I learned a new definition for integrity the day my dad took me to my aunt’s property to chop up a fallen tree. She was willing to let me have the wood for free, if my dad and I would cut it up. He taught me how to maneuver her small but noisy chain saw to neatly slice through the log. I felt so empowered!

We worked from both ends, cutting the log into eighteen-inch chunks. Then we turned each section on end and he explained what to do. “See this weakness here?” he said, pointing to a small break in the core. “Place the wedge there, then hit it with the sledgehammer.” I did, and it worked!

I split each round in two, and my dad chopped those pieces into firewood. He seemed to be doing more of the work, so I asked, “Do you want me to split each round more than once?”

“No.” He paused to straighten his back. “Once you’ve compromised the integrity of the wood, it’s not hard to break the rest of it down.” I had to pause and think about that. The only definition I knew for integrity had to do with being true to your word. But this obviously referred to the wholeness of an object. I immediately saw spiritual implications!

Satan looks for our weak spots to place his wedge, and begins to work—usually with subtle pressure instead of a sledgehammer. So subtle we may not even notice it at first. He will keep at us until we break. Once we’ve given in to one temptation, it’s not hard for Satan to break us down completely.

If we give in, and our integrity is compromised in one area, it will be much easier to succumb to temptations of all kinds–the next time, and the next, until our entire life is in pieces. That first fracture in our integrity could take us down a road we never planned to travel.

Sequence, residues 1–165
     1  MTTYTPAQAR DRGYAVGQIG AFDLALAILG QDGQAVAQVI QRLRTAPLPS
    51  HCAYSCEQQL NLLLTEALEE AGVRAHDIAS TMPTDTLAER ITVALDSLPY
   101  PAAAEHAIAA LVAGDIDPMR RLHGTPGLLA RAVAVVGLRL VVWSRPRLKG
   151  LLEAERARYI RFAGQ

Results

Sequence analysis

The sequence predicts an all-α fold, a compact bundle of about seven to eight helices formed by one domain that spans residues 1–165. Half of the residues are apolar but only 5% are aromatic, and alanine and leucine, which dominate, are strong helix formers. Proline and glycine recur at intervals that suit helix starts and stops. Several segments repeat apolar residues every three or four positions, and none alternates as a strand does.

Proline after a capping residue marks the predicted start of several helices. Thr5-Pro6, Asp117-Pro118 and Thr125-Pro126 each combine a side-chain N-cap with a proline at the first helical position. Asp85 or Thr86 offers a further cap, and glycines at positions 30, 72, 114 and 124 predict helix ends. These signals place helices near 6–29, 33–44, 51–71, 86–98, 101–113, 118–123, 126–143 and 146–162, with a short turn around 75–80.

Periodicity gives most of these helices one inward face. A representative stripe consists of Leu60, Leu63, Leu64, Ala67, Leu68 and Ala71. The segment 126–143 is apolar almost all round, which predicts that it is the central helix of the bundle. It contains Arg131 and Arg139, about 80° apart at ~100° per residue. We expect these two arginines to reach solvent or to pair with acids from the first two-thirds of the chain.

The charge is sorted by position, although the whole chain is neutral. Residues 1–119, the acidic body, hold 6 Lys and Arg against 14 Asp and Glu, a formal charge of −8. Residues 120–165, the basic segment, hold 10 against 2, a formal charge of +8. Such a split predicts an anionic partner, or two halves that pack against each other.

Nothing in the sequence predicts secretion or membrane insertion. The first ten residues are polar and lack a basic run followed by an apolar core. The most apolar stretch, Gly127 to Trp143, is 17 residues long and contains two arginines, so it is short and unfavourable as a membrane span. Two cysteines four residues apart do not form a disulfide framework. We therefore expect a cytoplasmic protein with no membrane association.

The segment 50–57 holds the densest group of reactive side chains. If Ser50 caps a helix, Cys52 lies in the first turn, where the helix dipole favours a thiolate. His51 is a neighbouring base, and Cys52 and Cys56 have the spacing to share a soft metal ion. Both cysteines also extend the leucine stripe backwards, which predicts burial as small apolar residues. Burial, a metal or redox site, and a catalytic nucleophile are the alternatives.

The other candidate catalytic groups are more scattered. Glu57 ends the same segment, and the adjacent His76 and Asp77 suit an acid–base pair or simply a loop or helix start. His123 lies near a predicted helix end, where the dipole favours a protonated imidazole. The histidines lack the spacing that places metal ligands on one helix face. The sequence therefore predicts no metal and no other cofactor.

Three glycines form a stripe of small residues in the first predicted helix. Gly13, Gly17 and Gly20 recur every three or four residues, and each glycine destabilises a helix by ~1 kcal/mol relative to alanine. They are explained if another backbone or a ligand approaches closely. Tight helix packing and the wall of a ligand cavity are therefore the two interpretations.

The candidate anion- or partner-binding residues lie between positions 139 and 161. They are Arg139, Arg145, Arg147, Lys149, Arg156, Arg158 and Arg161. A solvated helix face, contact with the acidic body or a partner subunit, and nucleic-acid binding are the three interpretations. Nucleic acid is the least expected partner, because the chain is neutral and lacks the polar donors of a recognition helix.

I’m so glad God is in the business of restoring the integrity (wholeness) of broken lives. He can rebuild our splintered reputations, broken relationships, and hearts shredded by lies. He then helps us restore our reputation into one of honesty and commitment to what is right.

King David was plagued by his enemies and feared for his life. Even so, his greatest fear was that he would disgrace God. He committed some shocking sins in his lifetime—adultery, murder, and lies to cover them up. But when confronted with his sins, he completely turned away from them. This restored his relationship with God, who declared he was a man after His own heart, and restored his reputation with his people. God made him whole and hopeful.

David wrote: “Turn to me and be gracious to me, for I am lonely and afflicted. Relieve the troubles of my heart and free me from my anguish. Look on my affliction and my distress and take away all my sins. See how numerous are my enemies and how fiercely they hate me! Guard my life and rescue me; do not let me be put to shame, for I take refuge in you. May integrity and uprightness protect me, because my hope, Lord, is in you” (Psalm 25:16-21, emphasis mine). We have hope in Jesus Christ.

Warren Wiersbe said, “To lose hope is to surrender the future to the enemy, and that only destroys the meaning of the present.” We have no future without hope. And the only way to enjoy the present is to give it fully to God.

Losing our integrity doesn’t happen all at once, but by one bad choice after another. This is a powerful song on integrity by Casting Crowns. “Slow Fade.”